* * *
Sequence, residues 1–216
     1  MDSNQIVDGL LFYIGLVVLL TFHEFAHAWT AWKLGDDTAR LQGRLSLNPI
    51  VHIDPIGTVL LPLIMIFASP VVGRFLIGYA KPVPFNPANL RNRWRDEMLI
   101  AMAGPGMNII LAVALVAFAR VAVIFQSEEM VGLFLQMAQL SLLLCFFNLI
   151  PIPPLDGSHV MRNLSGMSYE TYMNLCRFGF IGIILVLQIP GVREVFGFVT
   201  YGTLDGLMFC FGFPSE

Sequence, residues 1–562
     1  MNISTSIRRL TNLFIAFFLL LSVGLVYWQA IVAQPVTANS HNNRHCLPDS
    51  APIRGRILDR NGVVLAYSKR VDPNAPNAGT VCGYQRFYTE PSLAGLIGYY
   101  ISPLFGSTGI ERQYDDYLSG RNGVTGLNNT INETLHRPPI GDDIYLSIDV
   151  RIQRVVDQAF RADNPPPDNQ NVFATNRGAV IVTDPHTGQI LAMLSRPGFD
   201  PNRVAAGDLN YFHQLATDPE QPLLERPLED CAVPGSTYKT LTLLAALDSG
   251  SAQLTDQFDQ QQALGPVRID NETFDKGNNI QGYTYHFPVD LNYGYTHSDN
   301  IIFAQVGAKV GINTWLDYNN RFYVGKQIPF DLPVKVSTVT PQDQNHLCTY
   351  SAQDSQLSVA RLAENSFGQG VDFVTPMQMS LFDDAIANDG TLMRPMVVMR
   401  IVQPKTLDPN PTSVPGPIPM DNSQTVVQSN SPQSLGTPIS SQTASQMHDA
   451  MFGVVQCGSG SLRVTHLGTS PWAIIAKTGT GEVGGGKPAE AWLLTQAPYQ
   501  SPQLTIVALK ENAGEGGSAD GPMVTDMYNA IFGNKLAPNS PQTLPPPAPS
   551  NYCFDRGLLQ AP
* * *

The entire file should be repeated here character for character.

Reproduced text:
Sequence, residues 1–216
     1  MDSNQIVDGL LFYIGLVVLL TFHEFAHAWT AWKLGDDTAR LQGRLSLNPI
    51  VHIDPIGTVL LPLIMIFASP VVGRFLIGYA KPVPFNPANL RNRWRDEMLI
   101  AMAGPGMNII LAVALVAFAR VAVIFQSEEM VGLFLQMAQL SLLLCFFNLI
   151  PIPPLDGSHV MRNLSGMSYE TYMNLCRFGF IGIILVLQIP GVREVFGFVT
   201  YGTLDGLMFC FGFPSE

Sequence, residues 1–562
     1  MNISTSIRRL TNLFIAFFLL LSVGLVYWQA IVAQPVTANS HNNRHCLPDS
    51  APIRGRILDR NGVVLAYSKR VDPNAPNAGT VCGYQRFYTE PSLAGLIGYY
   101  ISPLFGSTGI ERQYDDYLSG RNGVTGLNNT INETLHRPPI GDDIYLSIDV
   151  RIQRVVDQAF RADNPPPDNQ NVFATNRGAV IVTDPHTGQI LAMLSRPGFD
   201  PNRVAAGDLN YFHQLATDPE QPLLERPLED CAVPGSTYKT LTLLAALDSG
   251  SAQLTDQFDQ QQALGPVRID NETFDKGNNI QGYTYHFPVD LNYGYTHSDN
   301  IIFAQVGAKV GINTWLDYNN RFYVGKQIPF DLPVKVSTVT PQDQNHLCTY
   351  SAQDSQLSVA RLAENSFGQG VDFVTPMQMS LFDDAIANDG TLMRPMVVMR
   401  IVQPKTLDPN PTSVPGPIPM DNSQTVVQSN SPQSLGTPIS SQTASQMHDA
   451  MFGVVQCGSG SLRVTHLGTS PWAIIAKTGT GEVGGGKPAE AWLLTQAPYQ
   501  SPQLTIVALK ENAGEGGSAD GPMVTDMYNA IFGNKLAPNS PQTLPPPAPS
   551  NYCFDRGLLQ AP